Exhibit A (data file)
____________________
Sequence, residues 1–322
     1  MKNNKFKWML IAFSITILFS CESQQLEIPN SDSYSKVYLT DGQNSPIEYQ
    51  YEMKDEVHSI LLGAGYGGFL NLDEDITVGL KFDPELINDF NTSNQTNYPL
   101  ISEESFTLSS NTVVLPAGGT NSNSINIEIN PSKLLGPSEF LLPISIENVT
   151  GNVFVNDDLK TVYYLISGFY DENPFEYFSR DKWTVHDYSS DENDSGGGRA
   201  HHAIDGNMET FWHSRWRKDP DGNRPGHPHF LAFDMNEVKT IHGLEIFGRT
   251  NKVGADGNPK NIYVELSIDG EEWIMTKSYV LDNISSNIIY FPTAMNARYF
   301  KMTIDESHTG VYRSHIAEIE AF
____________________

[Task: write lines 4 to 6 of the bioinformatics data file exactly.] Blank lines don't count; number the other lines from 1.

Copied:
   101  ISEESFTLSS NTVVLPAGGT NSNSINIEIN PSKLLGPSEF LLPISIENVT
   151  GNVFVNDDLK TVYYLISGFY DENPFEYFSR DKWTVHDYSS DENDSGGGRA
   201  HHAIDGNMET FWHSRWRKDP DGNRPGHPHF LAFDMNEVKT IHGLEIFGRT